– I doubt I’ll have the time to closely examine every report in detail, but I took a closer look at a couple that had oddities in them that I wanted to examine. One of them is the report of perennial candidate Michael “Griff” Griffin. Griff, who I can only speculate must really like seeing his name on a ballot, reported no contributions in either July or October, and loaned himself $1000 in April, yet he reports expenditures totaling over $3000 since the beginning of the year. He spent about $2200 before July 1 and a bit more than $800 since then. Needless to say, that doesn’t add up. I don’t know if the expenses above the $1000 loan that he declared should be considered subsequent loans to himself or if there’s something else going on, but regardless it seems to me this is the sort of thing that should be spelled out in a campaign finance report. I realize this is small potatoes, but by the same token, how hard could it be to do that?

– Along similar lines, I note that District F candidate Joe Chow reported exactly zero dollars on hand in both July and October. Yet his October report, which includes a $5000 loan to himself from June, shows that he took in less money than he spent. Now, he listed one single expenditure for the period ending June 30, a printing fee of $120, though he added some more pre-July expenditures in the October report, and given that he raised $5510 in the first six months, I’m sure he has some cash on hand, whether the loan amount is accounted for as cash on hand or not. But you can’t easily tell how much cash he has from what he reported.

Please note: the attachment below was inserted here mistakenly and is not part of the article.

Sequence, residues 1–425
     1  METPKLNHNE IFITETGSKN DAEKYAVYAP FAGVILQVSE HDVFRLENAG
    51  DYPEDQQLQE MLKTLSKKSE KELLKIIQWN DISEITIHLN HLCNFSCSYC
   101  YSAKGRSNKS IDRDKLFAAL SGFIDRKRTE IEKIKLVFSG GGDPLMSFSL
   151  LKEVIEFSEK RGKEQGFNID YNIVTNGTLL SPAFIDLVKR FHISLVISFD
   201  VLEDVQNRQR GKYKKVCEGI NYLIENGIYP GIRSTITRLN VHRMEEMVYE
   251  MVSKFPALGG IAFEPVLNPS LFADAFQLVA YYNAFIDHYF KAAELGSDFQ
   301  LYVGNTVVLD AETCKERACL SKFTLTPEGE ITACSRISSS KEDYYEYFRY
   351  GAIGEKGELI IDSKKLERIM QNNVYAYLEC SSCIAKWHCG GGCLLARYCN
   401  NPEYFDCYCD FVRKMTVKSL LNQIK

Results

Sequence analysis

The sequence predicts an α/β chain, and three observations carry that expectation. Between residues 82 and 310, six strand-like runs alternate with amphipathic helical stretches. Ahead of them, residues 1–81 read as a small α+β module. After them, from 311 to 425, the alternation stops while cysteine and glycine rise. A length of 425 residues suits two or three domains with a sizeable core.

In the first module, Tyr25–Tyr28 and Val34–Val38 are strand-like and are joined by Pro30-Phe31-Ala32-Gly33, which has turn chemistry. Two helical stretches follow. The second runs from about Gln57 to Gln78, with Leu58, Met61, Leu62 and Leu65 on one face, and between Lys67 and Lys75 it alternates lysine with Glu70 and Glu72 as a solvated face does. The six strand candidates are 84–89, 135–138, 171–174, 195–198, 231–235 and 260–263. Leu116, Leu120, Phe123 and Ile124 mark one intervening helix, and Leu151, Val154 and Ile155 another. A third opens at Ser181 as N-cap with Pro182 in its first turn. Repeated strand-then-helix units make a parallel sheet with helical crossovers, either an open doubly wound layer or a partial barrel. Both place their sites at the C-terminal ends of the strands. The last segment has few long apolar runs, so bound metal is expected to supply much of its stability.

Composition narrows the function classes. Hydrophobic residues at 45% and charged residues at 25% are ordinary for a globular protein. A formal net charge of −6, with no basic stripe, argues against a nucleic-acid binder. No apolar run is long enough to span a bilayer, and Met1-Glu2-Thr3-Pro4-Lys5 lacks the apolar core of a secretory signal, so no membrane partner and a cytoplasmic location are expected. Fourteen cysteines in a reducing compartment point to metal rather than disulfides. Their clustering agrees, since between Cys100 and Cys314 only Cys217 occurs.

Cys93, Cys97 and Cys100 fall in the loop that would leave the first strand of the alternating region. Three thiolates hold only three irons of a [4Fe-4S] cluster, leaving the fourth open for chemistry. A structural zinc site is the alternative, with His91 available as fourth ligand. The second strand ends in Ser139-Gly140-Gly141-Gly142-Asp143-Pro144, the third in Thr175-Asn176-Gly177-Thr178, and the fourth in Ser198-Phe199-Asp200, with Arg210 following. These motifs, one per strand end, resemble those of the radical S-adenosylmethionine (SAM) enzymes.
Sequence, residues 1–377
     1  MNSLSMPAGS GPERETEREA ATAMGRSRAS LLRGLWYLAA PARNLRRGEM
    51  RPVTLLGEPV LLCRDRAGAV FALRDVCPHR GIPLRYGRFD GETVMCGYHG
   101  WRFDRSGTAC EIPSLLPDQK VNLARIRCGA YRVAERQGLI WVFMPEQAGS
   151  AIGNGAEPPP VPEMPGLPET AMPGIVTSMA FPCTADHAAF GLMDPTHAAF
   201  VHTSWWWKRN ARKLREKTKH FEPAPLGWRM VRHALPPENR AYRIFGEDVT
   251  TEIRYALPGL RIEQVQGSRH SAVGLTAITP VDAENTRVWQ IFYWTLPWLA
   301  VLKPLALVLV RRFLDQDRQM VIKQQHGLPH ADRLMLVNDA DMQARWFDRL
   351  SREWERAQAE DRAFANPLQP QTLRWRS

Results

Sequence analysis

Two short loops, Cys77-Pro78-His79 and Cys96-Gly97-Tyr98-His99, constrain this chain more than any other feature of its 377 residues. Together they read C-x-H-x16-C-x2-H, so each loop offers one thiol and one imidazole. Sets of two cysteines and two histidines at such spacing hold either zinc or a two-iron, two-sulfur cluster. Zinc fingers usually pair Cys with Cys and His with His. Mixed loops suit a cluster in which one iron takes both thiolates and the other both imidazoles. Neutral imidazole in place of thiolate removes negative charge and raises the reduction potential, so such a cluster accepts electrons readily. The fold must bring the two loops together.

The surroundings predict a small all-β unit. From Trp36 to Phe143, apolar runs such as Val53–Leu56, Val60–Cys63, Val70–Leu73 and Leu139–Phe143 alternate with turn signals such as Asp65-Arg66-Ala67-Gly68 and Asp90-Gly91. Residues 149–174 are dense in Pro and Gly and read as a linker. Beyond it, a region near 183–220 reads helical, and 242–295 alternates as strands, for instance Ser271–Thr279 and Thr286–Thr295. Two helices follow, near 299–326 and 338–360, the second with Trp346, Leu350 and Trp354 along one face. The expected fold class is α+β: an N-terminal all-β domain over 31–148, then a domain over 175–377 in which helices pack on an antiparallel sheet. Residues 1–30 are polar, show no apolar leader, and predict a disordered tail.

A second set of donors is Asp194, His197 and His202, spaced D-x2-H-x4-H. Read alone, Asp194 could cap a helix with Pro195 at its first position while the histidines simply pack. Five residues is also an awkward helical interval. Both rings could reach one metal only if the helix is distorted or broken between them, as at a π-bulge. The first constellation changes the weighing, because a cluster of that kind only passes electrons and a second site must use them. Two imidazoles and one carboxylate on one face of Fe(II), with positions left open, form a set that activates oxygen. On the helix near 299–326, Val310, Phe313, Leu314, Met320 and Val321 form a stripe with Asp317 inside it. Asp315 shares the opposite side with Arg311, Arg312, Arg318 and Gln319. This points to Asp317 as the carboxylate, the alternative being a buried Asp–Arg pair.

– As I said, Griff’s report is small potatoes, though in the context of District F Chow’s totals are much more substantial. I’m pointing them out because they seem like such obvious red flags that I don’t quite understand why the forms weren’t simply rejected out of hand by the City Secretary. How can you leave the boxes for the totals blank, as Griff did? Davetta Daniels in At Large #5 did the same thing. At least in her case the contributions she listed outweighed the expenses, but the bottom line remains that you can’t tell at a glance what her cash on hand position is. Nor can you tell for Chow, who like Daniels appears to have several thousand dollars at his disposal. So I ask again: How is it that a form where certain required values are left blank can get accepted? If this were a web form, they wouldn’t have been allowed to submit it till those boxes were filled in. Shouldn’t the City Secretary do the same?

– Meanwhile, several candidates’ reports are still not available online. Among them are Alex Wathen and Bob Schoelkopf in District A (there’s no July form for Schoelkopf, either); Roger Bowden in B; Otis Jordan and Larry McKinzie in D; Lewis Cook, Peter Acquaro, and Robert Kane in F (no July forms for Cook or Kane, either); and Mills Worsham in G. Bear in mind that quite a few reports didn’t appear until many days after July 15, despite the fact that they had been submitted. I’m just noting this for the record, and will continue to look for them and update the spreadsheet as I find them.

– What is now available are the HISD Trustee candidates’ reports. Ericka Mellon summarizes them for us.

– One other report that isn’t there is for CM Noriega in At Large #3. I am told that unopposed candidates are not required to file a 30 days out report, or an 8 days out report, so that’s the reason for that.

– Finally, on a tangential note, Karen Derr also writes in to say that she has been producing campaign videos as well. I appreciate the update, and invite anyone else that I’ve omitted to correct me on this point.